The National are my go to ‘I’m feeling sad so I better listen to something sad’ band. I don’t know why people have a tendency to do this, but I think it’s more cathartic than self-indulgent. Sorrow, as the name would suggest, is one of the saddest songs I’ve ever heard, but it’s beautiful, and very much worth a listen if you are in need of something to wallow in. See also: Sea of Love, Pink Rabbits.

6. When You Were Young – The Noisettes

I’ve chosen this song for two reasons. First – I used to love The Killers (especially Hot Fuss) but now can’t stand them. Second – this cover is awesome and 10 times better than the original (don’t kill me Killers fans.) It’s a nice little homage to an old musical love interpreted by a new one.

7. Head Rolls Off – Frightened Rabbit

Frabbit brings us on to the Scottish years. I’d never even heard of them or the next band until I came to Edinburgh, so a massive shout out to Emmett and the FreshAir music team (I do student radio) for introducing me to all the awesome music Scotland has to offer. Head Rolls Off is from The Midnight Organ Fight (ultimate breakup album btw). I’ve put it on my #mixtape because it’s a little sad like all Frightened Rabbit songs, but also has some hope: ‘When it’s all gone, something carries on.’

8. Dull Spark – Meursault

Meursault are (or were, RIP) an Edinburgh based band on the label Song, by Toad. If you like Frightened Rabbit or Owl John they’ll definitely be your thing. Again I could have chosen pretty much anything from the album Something for the Weakened. Dull Spark won its place on this list for the chorus: ‘Be kind, try to smile, and dance regularly’; things I think we should all try to do a little more.

9. Bathtub – Waxahatchee

Waxahatchee is a project I’ve been obsessed with for the past year. Bathtub is from the first album, and is a premonition-based reflection on a relationship. In their 2013 ‘stereotyping you by your favourite album’ Flavorwire described Cerulean Salt (Waxahatchee’s second album) fans as ‘Indie girls who are very in touch with their feelings.’ I’ll leave you to decide if that’s accurate or not.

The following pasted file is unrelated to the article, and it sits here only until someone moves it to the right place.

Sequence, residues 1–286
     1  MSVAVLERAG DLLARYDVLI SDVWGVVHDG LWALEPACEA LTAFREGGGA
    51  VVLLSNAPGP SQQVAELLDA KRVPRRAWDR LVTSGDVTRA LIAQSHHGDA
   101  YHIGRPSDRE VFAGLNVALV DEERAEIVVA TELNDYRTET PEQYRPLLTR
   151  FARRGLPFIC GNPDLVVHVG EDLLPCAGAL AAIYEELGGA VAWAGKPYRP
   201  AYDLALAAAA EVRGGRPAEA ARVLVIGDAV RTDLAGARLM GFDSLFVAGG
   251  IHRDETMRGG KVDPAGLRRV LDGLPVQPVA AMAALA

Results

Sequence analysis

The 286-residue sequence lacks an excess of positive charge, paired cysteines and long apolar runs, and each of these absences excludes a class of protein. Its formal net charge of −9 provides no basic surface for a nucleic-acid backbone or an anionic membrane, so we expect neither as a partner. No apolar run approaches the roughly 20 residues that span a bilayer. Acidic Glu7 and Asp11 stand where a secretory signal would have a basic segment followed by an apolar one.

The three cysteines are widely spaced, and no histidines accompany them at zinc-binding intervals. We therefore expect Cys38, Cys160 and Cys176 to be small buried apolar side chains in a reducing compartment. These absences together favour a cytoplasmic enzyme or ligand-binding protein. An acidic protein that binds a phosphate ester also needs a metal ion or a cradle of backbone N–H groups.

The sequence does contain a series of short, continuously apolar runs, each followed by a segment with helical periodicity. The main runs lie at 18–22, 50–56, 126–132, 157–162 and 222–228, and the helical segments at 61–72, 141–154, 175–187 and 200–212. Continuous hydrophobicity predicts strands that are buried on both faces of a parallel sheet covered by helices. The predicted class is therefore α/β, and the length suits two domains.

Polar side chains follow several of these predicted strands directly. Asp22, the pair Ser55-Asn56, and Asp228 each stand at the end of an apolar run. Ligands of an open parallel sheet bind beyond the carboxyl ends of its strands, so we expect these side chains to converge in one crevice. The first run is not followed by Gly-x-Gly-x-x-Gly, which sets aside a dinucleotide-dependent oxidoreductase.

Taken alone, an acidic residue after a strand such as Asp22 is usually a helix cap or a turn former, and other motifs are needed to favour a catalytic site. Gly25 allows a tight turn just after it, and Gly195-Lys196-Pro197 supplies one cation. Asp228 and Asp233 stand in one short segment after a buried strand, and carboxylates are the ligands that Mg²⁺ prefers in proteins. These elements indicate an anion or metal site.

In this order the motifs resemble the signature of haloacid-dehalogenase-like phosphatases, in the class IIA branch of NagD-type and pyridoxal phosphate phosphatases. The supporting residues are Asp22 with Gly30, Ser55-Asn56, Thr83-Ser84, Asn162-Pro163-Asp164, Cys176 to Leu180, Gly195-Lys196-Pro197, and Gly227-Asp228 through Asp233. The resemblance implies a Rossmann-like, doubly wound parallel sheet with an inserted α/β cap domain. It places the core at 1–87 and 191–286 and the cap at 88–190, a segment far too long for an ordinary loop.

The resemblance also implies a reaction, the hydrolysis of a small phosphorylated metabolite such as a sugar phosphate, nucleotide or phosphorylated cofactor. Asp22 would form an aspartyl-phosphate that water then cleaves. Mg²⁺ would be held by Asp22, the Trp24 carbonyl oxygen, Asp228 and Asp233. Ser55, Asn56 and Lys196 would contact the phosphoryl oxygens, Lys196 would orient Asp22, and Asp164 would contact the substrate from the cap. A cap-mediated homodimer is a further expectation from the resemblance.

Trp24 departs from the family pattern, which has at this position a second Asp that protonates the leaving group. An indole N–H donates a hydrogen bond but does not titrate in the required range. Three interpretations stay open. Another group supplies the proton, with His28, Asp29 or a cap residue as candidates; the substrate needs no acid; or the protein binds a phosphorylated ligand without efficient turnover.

10. New Romantics – Taylor Swift

Editor’s Note: Due to Taylor Swift’s strict stance on streaming New Romantics is nowhere to be found online. In its place we have put Blank Space – an equally great song. However we suggest you buy New Romantics (and 1989) and then you can enjoy infinite happiness like Naomi and ourselves.

I used to be such an apologetic Taylor Swift fan, justifying her songs’ placings in my ‘Top 25 most played’ list by rambling on about how she was silly but just appealed to the teenage me etc etc. So, Taylor, I’m sorry for making excuses for you, the reason you’re in most of my playlists is that you’re just completely amazing. Her recent foray into feminism has been fabulous, from calling out interviewers on sexism to hanging out with new BFFs Lorde and Lena Dunham, Taylor has firmly positioned herself as a feminist we can all admire. New Romantics is my favourite song from 1989, for no other reason than it just makes me want to get up and start happy dancing, even in my new home; the library. My iTunes tells me that I’ve listened to this song over 200 times in the past few weeks – I’m still not bored of it, and I doubt I ever will be.

Naomi Hoggett

Naomi Hoggett is a 3rd year English Literature Student at the University ofEdinburgh. 3rd year doesn’t leave much time for anything besides being in the library, but in her spare time she assistant manages FreshAir.org.uk. Naomi likes red wine, caffeine and her instagram famous dog, Basil. Tune in to FreshAir for ‘For Reel’ on Tuesdays at 4pm if you want to hear her pretend to know things about films or at 3pm on Thursdays for The 411 if you want to hear pop music and ranting about the patriarchy.